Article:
Sometimes the online world reveals unsuspected parallel dimensions. This is an unknown restyle of Neural independently (and secretly as we never knew about it) made by NY-based Motion and Graphic Designer, Clarke Blackham. Very nicely made, perhaps only a bit glossier for the magazine’s line, it testifies once more how even your most familiar outcomes can have another life somewhere else.
Errant Bodies, ISBN 9780977259410, U.S.A. / Denmark, 2007, English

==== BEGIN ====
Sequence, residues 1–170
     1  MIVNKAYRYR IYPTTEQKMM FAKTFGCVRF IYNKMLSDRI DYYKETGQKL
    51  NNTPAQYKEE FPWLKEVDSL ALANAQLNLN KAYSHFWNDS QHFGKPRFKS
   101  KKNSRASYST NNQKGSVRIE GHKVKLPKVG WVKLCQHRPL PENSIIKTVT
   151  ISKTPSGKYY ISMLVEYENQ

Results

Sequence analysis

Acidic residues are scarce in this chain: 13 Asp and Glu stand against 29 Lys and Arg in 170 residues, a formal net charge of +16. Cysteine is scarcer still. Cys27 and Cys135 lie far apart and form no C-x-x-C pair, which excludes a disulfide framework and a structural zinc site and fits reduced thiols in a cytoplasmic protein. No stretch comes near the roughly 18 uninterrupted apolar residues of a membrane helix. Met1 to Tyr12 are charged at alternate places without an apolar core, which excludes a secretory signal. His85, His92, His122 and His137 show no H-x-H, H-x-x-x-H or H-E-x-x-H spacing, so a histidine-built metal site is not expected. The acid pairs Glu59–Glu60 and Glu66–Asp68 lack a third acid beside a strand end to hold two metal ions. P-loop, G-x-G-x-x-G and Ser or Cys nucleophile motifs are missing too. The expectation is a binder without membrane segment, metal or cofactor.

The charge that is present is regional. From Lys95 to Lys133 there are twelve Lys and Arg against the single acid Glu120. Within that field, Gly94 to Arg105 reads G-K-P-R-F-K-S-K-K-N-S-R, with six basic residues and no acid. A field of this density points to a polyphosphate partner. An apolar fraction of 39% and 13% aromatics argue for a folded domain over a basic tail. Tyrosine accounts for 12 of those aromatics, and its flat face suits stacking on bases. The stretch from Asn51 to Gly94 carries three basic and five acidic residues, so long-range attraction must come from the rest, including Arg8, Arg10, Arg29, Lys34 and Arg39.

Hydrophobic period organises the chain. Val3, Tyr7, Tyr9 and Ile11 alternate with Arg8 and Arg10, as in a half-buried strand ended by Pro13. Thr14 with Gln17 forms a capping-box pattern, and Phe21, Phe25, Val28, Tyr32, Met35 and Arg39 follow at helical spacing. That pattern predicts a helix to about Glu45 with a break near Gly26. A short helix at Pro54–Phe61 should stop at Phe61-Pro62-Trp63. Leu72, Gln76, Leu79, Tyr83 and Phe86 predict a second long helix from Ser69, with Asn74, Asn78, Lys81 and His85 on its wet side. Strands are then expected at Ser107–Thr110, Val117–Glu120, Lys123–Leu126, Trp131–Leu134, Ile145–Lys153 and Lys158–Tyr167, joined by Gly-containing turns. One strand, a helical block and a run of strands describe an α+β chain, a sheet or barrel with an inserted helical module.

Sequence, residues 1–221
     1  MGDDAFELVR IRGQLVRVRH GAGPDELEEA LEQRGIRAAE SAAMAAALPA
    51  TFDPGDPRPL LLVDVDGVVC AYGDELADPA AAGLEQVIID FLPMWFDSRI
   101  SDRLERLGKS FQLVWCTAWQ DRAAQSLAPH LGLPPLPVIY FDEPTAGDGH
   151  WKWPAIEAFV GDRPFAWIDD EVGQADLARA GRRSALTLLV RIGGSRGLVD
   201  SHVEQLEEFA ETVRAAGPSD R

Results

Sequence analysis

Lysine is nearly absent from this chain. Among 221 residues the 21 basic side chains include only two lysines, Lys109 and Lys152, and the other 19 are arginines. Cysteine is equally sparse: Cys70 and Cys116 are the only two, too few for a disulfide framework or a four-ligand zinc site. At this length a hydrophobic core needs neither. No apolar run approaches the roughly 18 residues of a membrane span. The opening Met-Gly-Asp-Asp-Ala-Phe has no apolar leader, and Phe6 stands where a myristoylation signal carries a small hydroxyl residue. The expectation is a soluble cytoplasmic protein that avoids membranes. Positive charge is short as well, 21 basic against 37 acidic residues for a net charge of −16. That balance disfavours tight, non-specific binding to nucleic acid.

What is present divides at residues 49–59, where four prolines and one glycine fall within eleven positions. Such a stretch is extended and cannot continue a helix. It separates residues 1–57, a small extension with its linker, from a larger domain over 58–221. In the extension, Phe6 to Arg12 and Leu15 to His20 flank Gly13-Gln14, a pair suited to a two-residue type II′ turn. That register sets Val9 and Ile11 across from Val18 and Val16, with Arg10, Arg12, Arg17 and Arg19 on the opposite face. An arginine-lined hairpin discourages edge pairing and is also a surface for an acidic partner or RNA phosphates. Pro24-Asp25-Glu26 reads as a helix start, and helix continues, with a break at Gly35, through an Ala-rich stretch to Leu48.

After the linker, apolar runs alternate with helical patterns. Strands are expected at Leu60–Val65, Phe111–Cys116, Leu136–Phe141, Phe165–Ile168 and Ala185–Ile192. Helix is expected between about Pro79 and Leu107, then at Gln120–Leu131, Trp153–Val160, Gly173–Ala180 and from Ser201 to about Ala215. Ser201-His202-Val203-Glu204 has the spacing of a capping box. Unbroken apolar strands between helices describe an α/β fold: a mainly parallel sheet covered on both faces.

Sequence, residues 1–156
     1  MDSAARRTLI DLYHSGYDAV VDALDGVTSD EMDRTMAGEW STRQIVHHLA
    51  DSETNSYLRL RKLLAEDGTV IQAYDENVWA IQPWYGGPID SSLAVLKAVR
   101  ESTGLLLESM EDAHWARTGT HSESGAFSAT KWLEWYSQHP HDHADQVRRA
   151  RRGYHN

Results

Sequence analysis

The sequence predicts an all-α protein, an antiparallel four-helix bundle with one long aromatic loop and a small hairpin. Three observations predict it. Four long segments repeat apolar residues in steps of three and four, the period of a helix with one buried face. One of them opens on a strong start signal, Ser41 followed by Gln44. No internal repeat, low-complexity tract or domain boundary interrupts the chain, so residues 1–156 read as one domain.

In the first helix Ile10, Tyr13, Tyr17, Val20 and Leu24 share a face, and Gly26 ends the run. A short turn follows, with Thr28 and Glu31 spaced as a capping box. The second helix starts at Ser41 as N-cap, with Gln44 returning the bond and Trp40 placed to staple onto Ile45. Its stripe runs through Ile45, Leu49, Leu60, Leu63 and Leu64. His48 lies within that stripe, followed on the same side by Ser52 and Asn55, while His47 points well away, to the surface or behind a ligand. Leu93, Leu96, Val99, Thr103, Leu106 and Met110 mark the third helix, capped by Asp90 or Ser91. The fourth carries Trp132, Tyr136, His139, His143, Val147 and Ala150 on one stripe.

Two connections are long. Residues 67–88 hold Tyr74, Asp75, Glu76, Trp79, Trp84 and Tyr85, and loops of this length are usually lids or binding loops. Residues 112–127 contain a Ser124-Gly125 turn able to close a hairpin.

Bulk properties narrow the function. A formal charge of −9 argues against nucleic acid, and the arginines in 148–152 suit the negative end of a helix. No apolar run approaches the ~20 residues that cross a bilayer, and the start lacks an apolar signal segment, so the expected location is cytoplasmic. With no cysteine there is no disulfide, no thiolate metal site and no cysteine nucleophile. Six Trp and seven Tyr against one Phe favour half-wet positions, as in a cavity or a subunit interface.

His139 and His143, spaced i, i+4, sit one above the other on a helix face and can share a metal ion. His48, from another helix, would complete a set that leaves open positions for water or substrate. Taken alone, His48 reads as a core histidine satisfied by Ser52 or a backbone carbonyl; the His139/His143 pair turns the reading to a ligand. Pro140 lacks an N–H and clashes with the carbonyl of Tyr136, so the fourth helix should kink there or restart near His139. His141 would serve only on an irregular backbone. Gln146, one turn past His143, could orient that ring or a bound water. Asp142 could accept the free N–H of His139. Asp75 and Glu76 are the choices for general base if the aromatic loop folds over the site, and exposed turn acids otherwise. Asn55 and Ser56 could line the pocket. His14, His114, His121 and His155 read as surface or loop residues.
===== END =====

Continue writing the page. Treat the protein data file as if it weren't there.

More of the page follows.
This is another essential book for any artist interested in sound, originated by the clever and productive mind of Brandon Labelle, a conceptual experimenter. Labelle extends most of his artistic practices and interests with a good dose of research, publishing precious books on focused themes. This is a collection of essays about radio art edited with Erik Granly Jensen, focusing on radio art as a radical culture that can finally be expressed through networking and streaming. So here we can find texts on the history of pirate radios, experiments in FM, suggested performance schemes, apo33’s experiments in remotely connecting buildings through microphones and then airing these sounds throughout a city. We also find a detailed history of electromagnetic sounds, or narratives of auditory life, with producers retelling their peculiar personal experiences. In this rich assembling of different material that reveals how radical radio is still very prolific, the mixture of theory and practices is well balanced, and may provide enough motivation to trigger a reader to get some equipment and start producing work of their own. This can be easily appreciated by listening to the beautiful accompanying CD, which is full of recording bits, networked actions, field recordings, streaming experiments and mixed strategies. Its nineteen tracks includes work by apo33, Steve Bradley, John Hudak & Joe Resinsel, elpueblodechina, Jason Kahn and Kode9 among others, and can be considered as an important and seductive introduction to radio art.